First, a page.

Panaramic photo of the US Capitol building

NASMHPD's key initiative is advocating to government leaders to improve behavioral health services by promoting access to high-quality services and reforming our nation's healthcare delivery system. Our public policy staff ensures that we advocate for key federal legislation and regulations.



Mentally Ill Offender Treatment and Crime Reduction Act of 2004 (MIOTCRA), P.L. 108-732, 118 STATS 2327-2336 , passed unanimously by Congress and signed by President George W. Bush on October 30, 2004. MIOTCRA provides grant funding to states/territories, local jurisdictions and organizations to facilitate programs that provide collaboration among criminal justice and behavioral health systems to ensure access to treatment and services for adults or juveniles with a mental illness or co-occurring addiction disorders who are in the criminal justice systems. The grants have funded a variety of best practices programs, such as mental health courts and crisis intervention teams.

On March 22, 2012, NASMHPD and NASADAD jointly sponsored a Congressional briefing on the impact of the state budget crisis and treatment gap on the public mental health and addiction treatment systems across the United States. During the briefing, a panel of mental health and addiction experts described the impact of state budget cuts on the behavioral health system and impact on persons recovering from mental health and addiction disorders and other community sectors, such as law enforcement, emergency departments, and the healthcare delivery system.
Briefing Overview
(PDF, 1.4 MB)

On February 16, 2011, NASMHMD hosted a special Senate briefing on the economy's impact on lower income populations who are being served by the public mental health system. A survey by the NASMHPD Research Institute found that from FY09 to FY11, states were forced to cut behavioral health funding by $2.2 billion even though demands for behavioral health and crisis services increased by almost 60%. An expert panel gave their testimonies on how the budget cuts have impacted their organizations and access to mental health services. Opening Remarks (PDF, 34 KB) , Power Point presentation (PDF, 587 KB)

Past Commissioner of Alabama, Zelia Baugh, testified before the Health, Education, Labor and Pensions Subcommittee on the Olmstead Enforcement Update: Using the ADA to Promote Community Integration held June 21, 2012.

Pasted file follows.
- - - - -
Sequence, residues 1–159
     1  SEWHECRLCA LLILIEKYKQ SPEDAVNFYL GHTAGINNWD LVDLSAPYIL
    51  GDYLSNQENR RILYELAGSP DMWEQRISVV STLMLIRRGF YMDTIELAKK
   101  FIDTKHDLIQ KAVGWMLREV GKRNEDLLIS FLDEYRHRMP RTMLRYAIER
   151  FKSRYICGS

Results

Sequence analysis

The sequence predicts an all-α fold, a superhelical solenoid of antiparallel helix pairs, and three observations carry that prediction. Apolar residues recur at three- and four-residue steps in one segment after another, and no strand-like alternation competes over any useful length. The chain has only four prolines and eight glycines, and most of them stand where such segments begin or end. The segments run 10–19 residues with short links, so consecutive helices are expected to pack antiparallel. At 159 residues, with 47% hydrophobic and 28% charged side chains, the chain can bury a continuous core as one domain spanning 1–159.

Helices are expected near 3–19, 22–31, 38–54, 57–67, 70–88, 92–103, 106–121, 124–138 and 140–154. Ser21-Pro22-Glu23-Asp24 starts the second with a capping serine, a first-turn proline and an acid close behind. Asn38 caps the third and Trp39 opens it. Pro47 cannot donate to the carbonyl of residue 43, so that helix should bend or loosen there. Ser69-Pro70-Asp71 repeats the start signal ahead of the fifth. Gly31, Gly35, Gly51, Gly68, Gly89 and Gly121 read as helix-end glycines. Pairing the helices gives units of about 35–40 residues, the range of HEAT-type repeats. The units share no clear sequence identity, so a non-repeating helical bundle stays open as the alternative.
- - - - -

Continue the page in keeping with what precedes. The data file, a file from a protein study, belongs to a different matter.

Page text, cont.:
Frank Melville Supportive Housing Investment Act of 2010 (S. 1481) was introduced July 21, 2009 and signed by President Barack Obama on January 4, 2011. The bill amends the Cranston-Gonzalez National Affordable Housing Act by improving supportive housing options for persons with disabilities and mental illness. HUD issued proposed regulations to implement the Act on October 7, 2014.


Senate Help Committee Holds Major Hearing on Mental Health Issues: Parity Issues, Integration, Importance of Peer Specialists Spotlighted during the Session on January 23, 2013.

The Paul Wellstone and Pete Domenici Mental Health Parity and Addiction Equity Act (MHPAEA) of 2008 (P.L. 110-343) was signed into law on October 3, 2008 by President George W. Bush. The legislation requires health insurance plans to cover both mental and physical health with restrictions no greater than those imposed for other medical and surgical benefits. Under the law, individuals seeking treatment for mental health and substance use disorders must receive the coverage comparable to other medical and surgical procedures covered under the plan. MHPAEA does not require health plans to cover mental health and substance use disorder benefits.

Under the 21st Century Cures Act (H.R. 34), several provisions focus on increasing suicide prevention resources including: reauthorizing the Garrett Lee Smith Memorial Act to prevent youth suicide; codifying the National Suicide Prevention Lifeline into law; establishing new grant funding to implement suicide prevention and intervention programs for adults 25 years and older; prioritizing American Indians and Alaska Native youth within suicide prevention programs; and strengthening community crisis response systems. 


Caregivers and Veterans Omnibus Health Services Act of 2010 (S. 1963) was introduced on October 28, 2009 and signed into law ( P.L.111-163 ) on May 5, 2010. Provisions include: support for caregivers of veterans, such as training, counseling, supportive services and living stipends; expansion of services for women veterans; improvement of services to rural veterans by recruiting and retaining high quality healthcare providers, providing travel reimbursement to veterans receiving treatment at VA facilities, and expanding the VA's telehealth program; improvement of mental health care by providing readjustment counseling and a study on veteran suicides; and improving and increasing services for homeless veterans.

Sponsor : Sen. Daniel Akaka (D-HI)

Veterans Access, Choice, and Accountability Act of 2014 (H.R. 3230; P. Law 113-146) was signed into law August 7, 2014. The law allows veterans to seek medical care from private healthcare providers through the use of a “Veterans Choice Card”. Veterans who were eligible for services as of August 1, 2014 or engaged in active service in a war zone on that date are eligible to receive outside care if they have been on a waiting list for 30 days or more; live more than 40 miles from a VA facility; would have to travel more than 20 miles by air, boat, or ferry to reach a facility; or reside in a state without a VA facility that provides hospital care, emergency services, or surgical services. Providers must be Medicare or DOD-participating and are reimbursed at Medicare rates, except in “highly rural” areas when they may be paid more.

Sponsor: Rep. Harold Rogers (R-KY)